I asked someone Est-ce que j'ai tort?, and the response was, "Oui, tu as tord."

I thought maybe it was a spelling mistake, but he said that there are two ways of writing it. I can't seem to find anything in English explaining the difference between the two. Is there a difference, or are the two interchangeable?

I found this: http://www.ladictee.fr/grammaire/truc_astuce_grammaire/tort_ou_tord.html but I don't know enough French to know what it means, and Google's auto-translate isn't very helpful.

  • Was this written or spoken? Perhaps you may have just heard wrong; otherwise tort is the correct spelling for wrong. May 13, 2016 at 11:00
  • @MasonH.Hatfield It was written, which is why I confirmed with him that it wasn't a spelling error. It's odd because he is French.
    – Fodder
    May 15, 2016 at 9:42
  • That's extremely odd... Especially since he is allegedly French. But many English speakers don't know how to spell things; perhaps that's the case. May 16, 2016 at 1:18

2 Answers 2


TORT means wrong. It's used with avoir in french, and be in english

Parfois, on voudrait avoir tort.

Sometimes, you just want to be wrong.

TORD means bend (verb TORDRE in conjugated form)

Il peut tordre une barre de fer de ses mains.

He can bend an iron rod with his hands.

So in your example :

" Est-ce que j'ai tort ? " is right but " Oui, tu as tort " is the right answer. Your friend is wrong.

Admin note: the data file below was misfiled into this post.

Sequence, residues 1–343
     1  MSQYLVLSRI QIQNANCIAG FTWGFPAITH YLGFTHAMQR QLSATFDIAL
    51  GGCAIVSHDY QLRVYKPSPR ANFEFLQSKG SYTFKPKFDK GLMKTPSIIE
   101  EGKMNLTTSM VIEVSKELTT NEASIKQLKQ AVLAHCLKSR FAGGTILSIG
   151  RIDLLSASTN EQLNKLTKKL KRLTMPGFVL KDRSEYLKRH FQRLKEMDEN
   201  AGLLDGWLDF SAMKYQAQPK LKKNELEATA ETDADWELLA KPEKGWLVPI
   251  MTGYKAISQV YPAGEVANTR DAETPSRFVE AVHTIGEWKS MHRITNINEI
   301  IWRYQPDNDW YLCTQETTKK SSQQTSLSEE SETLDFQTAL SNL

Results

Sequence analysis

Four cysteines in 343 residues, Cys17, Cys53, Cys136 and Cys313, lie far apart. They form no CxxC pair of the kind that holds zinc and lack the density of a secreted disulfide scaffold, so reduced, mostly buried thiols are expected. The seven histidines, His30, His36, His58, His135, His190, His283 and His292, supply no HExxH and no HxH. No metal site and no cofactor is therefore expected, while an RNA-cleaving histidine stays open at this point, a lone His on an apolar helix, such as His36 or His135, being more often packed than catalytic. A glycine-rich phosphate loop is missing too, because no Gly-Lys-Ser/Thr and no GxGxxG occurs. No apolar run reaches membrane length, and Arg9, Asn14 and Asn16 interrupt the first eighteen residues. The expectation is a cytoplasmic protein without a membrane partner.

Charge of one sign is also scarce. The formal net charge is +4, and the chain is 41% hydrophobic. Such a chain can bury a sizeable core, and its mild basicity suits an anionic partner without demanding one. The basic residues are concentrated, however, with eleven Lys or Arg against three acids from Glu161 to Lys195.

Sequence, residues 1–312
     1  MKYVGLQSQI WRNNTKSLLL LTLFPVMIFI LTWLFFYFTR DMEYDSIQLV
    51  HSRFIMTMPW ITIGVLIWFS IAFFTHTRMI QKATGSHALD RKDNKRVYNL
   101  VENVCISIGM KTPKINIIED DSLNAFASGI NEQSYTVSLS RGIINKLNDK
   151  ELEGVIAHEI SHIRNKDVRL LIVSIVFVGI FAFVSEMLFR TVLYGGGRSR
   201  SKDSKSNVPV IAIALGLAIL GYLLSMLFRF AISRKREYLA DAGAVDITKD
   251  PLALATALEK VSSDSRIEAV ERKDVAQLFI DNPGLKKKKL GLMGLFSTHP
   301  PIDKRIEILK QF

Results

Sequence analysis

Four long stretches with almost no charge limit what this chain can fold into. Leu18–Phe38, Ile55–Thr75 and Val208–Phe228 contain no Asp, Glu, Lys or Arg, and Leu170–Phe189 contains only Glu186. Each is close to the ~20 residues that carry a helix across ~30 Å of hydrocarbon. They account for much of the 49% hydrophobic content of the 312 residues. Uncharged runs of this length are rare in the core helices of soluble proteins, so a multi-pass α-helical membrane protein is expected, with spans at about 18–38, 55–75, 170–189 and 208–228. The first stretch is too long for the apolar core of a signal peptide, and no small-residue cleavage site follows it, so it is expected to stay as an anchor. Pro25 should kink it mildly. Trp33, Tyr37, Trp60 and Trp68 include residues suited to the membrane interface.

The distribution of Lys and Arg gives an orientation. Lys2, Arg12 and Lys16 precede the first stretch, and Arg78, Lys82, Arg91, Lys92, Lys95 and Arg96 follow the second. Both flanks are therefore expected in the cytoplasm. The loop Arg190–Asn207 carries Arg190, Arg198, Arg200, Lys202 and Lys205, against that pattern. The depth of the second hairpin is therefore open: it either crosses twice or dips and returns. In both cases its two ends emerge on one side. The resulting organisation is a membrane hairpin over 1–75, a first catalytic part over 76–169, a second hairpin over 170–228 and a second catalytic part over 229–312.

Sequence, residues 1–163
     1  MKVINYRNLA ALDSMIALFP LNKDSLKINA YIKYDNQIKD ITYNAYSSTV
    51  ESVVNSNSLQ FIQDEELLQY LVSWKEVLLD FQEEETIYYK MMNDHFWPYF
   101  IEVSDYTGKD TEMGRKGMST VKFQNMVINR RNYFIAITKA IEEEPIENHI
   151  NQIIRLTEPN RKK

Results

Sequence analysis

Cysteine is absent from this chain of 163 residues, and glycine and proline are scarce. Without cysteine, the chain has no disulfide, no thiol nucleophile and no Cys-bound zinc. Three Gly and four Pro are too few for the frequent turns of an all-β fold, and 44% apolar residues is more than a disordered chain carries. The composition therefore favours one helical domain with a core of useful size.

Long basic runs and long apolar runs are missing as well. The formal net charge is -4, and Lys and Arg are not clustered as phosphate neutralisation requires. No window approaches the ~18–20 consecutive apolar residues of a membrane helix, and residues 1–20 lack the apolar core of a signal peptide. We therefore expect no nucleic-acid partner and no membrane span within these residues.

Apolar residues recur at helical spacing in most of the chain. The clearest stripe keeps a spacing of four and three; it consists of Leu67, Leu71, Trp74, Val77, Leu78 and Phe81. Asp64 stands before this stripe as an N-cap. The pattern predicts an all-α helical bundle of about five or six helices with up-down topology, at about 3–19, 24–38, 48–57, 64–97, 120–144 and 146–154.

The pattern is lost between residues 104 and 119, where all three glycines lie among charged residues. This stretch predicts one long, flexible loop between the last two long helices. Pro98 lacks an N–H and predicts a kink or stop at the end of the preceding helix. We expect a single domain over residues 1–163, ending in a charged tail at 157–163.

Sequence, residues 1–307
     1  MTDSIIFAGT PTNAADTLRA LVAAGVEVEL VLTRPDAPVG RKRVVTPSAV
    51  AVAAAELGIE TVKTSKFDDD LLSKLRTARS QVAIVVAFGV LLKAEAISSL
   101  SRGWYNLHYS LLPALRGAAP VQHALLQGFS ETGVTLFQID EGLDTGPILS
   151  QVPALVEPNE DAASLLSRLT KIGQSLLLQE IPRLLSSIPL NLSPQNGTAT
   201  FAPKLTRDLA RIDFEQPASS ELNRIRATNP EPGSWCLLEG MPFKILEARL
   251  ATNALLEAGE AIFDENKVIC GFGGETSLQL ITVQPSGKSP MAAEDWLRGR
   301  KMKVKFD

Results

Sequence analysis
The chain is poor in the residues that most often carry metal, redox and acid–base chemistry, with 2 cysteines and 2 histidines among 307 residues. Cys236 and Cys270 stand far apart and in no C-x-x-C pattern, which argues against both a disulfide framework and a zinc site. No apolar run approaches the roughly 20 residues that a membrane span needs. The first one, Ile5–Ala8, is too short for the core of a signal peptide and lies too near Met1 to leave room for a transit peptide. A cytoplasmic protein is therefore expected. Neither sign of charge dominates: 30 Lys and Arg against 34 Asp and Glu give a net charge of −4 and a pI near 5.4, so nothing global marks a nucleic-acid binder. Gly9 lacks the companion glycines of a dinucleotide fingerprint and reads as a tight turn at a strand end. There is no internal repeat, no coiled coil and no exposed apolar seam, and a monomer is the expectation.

There was some early overlapping use as a feminine adjective mentioned in Dictionnaires d'autrefois (jambe/bouche/gueule torte = jambe/bouche/gueule tordue), but the only vaguely “logical” modern connection that I can find between the notions of “tort” and “tord[…]” is in the French-Canadian expression ...
“se mettre les doigts dans le tordeur” ...
which, according to Pierre DesRuisseaux in Dictionnaire des expressions québécoise (I have a copy, but can’t find an online version), means “to adopt an untenable [=wrong?] position or point of view” (literally “to put one’s own fingers in/through the wringer”).

However, in spite of this early adjectival connection and my lame attempt to concoct a modern one, I agree with @Chris’ answer that your correspondent is simply wrong and I think you could respond by telling them that if they’re claiming that “tort” and “tord” are interchangeable as two officially recognized spellings of the same word, then they’re perhaps not just mangling their own fingers but the French language as well!

  • Hahaha, thanks for that interesting point of view. :)
    – Fodder
    May 15, 2016 at 9:43

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